USM Art students enrolled in theSpecial Topics art class, Shaping the Terrain: Sea Level Change in Casco Bay, have designed and constructed a temporary art installation in downtown Portland with the goal of raising awareness about the rise in sea levels.
The installation, “King Tides Trail,” spans 4.1 miles of Portland’s Bayside and Eastern Promenade trails.
“Much of Bayside and East Bayside was once part of Back Cove,” said Jan Piribeck, USM art professor who is overseeing the trail project. “At extremely high ‘King Tides,’ the area sees extensive flooding around storm sewers. The King Tides Trail helps people visualize where high tides would fall if sea levels rise three feet in coming decades.”
Students designed the trail using GPS and inundation maps to determine sea-level rise locations, in consultation with Peter Slovinsky, coastal geologist of the Maine Geological Survey.
USM art student Samantha Quimby noted that the red marking-whiskers used in the installation “are a physical representation of the data we have been working with. We’ve been using a red line to mark the potential waters’ edge in a 3-foot sea-level-rise scenario.”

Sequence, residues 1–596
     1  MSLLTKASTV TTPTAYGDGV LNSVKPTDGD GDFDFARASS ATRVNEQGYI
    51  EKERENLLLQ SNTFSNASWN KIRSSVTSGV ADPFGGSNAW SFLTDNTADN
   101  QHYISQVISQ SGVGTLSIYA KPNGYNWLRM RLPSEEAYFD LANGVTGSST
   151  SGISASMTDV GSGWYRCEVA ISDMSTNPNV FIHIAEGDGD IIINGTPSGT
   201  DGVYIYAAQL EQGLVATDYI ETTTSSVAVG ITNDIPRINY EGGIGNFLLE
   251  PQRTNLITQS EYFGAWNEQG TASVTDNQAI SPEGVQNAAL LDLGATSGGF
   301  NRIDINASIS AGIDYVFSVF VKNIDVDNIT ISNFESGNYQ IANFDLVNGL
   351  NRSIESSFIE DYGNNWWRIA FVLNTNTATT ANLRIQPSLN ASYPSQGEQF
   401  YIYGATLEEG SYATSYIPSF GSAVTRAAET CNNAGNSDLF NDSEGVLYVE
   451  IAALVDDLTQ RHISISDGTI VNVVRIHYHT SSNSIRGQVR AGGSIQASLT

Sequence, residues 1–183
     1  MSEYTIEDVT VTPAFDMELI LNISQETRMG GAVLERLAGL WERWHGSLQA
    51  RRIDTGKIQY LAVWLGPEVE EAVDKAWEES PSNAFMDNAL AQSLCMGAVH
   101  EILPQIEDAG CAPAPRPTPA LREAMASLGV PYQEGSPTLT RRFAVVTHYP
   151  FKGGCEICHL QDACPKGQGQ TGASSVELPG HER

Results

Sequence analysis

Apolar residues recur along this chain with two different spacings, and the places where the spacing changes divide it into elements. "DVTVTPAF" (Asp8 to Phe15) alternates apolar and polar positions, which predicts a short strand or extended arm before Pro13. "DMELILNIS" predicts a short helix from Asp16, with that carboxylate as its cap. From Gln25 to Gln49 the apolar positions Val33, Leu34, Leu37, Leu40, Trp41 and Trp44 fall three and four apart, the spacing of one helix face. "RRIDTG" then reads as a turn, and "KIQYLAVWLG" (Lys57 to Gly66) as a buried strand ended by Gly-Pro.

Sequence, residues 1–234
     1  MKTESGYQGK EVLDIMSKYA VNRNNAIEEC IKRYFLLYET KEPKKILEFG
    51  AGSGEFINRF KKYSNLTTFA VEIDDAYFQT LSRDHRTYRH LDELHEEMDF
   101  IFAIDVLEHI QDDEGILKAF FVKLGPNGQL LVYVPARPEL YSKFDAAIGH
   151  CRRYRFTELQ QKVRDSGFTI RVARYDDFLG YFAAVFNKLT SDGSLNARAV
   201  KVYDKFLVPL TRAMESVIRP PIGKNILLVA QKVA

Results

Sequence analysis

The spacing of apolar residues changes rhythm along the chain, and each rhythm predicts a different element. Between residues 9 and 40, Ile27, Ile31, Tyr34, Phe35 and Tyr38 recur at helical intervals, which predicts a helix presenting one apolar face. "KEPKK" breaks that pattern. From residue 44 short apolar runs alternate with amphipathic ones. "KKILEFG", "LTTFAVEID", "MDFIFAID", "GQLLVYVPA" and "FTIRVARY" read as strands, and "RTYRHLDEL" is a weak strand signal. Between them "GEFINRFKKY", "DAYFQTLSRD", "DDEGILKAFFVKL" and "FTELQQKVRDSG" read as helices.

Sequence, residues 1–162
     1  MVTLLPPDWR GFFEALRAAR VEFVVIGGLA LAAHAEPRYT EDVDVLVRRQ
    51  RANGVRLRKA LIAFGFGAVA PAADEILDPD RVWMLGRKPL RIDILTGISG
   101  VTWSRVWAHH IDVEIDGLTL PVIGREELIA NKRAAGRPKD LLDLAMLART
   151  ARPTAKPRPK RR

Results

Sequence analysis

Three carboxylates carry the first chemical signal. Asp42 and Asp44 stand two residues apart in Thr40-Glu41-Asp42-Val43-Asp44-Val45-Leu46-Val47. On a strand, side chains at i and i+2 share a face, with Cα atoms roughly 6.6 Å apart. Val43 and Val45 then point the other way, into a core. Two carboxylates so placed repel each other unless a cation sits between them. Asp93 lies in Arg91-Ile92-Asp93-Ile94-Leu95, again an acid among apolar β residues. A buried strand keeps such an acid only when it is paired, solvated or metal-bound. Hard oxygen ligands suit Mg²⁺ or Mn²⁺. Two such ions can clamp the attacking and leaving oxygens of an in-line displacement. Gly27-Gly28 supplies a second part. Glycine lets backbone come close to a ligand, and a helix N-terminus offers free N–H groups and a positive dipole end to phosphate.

The students also are using sidewalk decals along the trail at locations that are significant observation points for high tide events. To help visitors explore the length of the 4.1 mile trail -- from Bayside to the Old Port -- students will install beacons made from solar lamps and wooden posts, and they have created a King Tide Trail Google map.
The trail officially opens on Monday, December 8 at noon. The public is invited to join USM students and faculty for an opening reception and trail walk, beginning at the western terminus of the Bayside Trail on Elm Street.
This educational installation is part of a Gulf of Maine King Tides Project, which held a region-wide photo contest featuring images of the extreme high tide on Oct. 9, 2014. Funding support for this educational installation came from the Limulus Fund at the Maine Community Foundation through the Gulf of Maine Council on the Marine Environment’s Climate Network, which coordinates the Gulf of Maine King Tides Project. Additionally, the project is tied to Envisioning Change, a Digital Humanities project funded through the University of Maine’s Maine Economic Improvement Fund.